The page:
Understanding the ins and outs of health insurance can be complicated but taking the time to educate yourself can help your health and your wallet. Here are some frequently asked questions to help you make the best decisions about coverage for you and your family.
How do I know which health insurance plan is best for me and my family?
If you don’t already have health insurance or if you’re interested in switching to a new health insurance plan, you may want to buy a plan on your own through the Affordable Care Act’s Health Insurance Marketplace. Start by learning how health insurance works. Make a list of questions before you choose a health plan. Gather information about your household income and set your budget for health insurance. Learn the difference between different types of plans so you can decide which one is best for you and your family.
You can find additional information on HealthCare.gov, the federal health insurance marketplace, and HealthSherpa.com, an online tool that offers comprehensive health coverage.
Find out if you can stay with your current doctors, hospitals and pharmacy. Learn common insurance terms, especially the ones that describe your share of the costs, such as deductibles, out-of-pocket maximums and co-payments. Resources from Consumer Reports and the National Association of Insurance Commissioners can help you understand how insurance works, insurance options and factors to consider when purchasing coverage.
What changes did the Affordable Care Act make?
The Affordable Care Act made it easier for people without health insurance or looking to switch health insurance plans to find quality, affordable insurance. All health plans sold through Healthcare.gov are offered by private insurance companies and are required to meet minimum requirements.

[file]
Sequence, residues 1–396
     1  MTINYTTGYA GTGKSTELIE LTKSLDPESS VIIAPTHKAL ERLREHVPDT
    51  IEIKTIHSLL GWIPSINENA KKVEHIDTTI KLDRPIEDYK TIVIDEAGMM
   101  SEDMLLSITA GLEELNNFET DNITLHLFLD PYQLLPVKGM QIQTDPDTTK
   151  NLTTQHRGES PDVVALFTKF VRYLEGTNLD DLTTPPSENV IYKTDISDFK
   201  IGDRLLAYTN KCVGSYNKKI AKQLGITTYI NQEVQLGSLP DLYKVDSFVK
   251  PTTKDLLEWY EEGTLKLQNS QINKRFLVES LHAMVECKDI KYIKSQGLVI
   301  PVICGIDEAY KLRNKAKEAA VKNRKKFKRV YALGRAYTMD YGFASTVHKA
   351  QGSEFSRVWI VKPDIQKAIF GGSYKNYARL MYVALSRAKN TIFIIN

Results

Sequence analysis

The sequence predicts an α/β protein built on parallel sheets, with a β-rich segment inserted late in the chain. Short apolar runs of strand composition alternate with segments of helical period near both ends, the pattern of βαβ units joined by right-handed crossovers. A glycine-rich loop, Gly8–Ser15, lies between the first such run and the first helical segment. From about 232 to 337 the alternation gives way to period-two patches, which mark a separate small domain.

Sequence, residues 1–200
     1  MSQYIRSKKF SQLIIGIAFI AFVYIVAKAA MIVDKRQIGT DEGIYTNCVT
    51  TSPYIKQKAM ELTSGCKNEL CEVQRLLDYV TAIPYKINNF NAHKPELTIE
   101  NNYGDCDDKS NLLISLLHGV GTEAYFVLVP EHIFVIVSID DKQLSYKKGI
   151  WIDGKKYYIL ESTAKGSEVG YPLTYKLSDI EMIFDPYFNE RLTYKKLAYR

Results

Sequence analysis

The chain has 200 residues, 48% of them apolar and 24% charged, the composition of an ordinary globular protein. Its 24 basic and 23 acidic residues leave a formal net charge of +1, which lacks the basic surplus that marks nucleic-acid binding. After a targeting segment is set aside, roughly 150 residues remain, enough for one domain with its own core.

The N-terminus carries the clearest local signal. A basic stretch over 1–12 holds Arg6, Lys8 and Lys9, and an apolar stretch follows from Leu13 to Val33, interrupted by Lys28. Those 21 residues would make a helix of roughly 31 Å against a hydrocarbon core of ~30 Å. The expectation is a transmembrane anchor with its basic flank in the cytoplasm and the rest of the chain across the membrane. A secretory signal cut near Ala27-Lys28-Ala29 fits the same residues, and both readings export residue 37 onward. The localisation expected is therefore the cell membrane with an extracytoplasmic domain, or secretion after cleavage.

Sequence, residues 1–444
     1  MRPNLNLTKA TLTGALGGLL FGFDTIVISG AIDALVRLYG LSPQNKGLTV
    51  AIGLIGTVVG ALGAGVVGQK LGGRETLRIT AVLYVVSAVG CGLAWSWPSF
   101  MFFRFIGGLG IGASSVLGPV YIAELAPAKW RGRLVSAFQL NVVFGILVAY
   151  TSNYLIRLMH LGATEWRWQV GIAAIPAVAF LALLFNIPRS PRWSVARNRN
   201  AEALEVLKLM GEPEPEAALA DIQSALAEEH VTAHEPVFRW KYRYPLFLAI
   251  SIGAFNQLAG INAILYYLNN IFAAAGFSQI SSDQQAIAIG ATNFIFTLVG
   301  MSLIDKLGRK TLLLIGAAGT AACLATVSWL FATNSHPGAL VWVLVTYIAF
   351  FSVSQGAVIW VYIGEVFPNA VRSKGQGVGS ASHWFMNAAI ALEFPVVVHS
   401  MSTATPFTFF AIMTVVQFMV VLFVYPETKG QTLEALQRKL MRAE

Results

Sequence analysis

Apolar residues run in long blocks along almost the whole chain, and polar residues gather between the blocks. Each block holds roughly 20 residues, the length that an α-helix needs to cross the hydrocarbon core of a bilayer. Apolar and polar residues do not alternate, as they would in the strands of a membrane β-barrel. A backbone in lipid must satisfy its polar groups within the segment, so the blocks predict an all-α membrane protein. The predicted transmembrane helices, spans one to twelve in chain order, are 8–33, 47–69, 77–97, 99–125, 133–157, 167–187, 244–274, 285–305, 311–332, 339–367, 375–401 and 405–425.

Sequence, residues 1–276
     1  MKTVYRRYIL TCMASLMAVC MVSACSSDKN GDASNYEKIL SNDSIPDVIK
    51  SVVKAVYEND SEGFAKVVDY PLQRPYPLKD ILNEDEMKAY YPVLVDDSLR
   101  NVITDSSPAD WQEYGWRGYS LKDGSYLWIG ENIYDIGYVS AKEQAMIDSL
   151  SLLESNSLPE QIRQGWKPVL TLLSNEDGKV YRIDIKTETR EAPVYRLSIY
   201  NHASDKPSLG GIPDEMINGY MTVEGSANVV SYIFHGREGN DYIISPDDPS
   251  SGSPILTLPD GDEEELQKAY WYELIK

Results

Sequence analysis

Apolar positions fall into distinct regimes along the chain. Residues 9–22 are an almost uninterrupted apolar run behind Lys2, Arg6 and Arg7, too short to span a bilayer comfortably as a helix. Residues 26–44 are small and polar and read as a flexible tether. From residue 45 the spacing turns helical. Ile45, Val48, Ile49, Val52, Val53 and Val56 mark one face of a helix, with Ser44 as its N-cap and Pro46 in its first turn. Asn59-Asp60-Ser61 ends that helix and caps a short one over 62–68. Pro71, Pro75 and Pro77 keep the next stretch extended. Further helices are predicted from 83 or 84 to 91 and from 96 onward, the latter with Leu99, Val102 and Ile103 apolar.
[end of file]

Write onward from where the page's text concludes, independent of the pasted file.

These ACA-compliant plans are required to cover a comprehensive set of benefits including hospital care, doctor visits, emergency care, prescription drugs, lab services, preventive care and rehabilitative services. Insurers are not allowed to charge more or discriminate against people based on health status, health history or gender. The ACA also allowed children to stay on their parents’ insurance until age 26.
How do I know if I’m eligible for an ACA plan and how can I enroll?
If you don’t already have health insurance or if you’re interested in switching to a new health insurance plan, you may want to buy a plan on your own through the ACA’s Health Insurance Marketplace. Individuals who need coverage and small employers with fewer than 50 full-time employees can purchase coverage through the Marketplace.
The plans sold on the marketplace must provide patient protections including the guarantee of coverage for pre-existing medical conditions and coverage of essential health benefits. In addition, most people qualify for financial assistance to help make their insurance premiums more affordable. The amount of financial assistance depends on income and family size. People with low incomes may qualify for free or very low premiums. To find out how much financial assistance you may qualify for, check out the Kaiser Family Foundation’s subsidy calculator.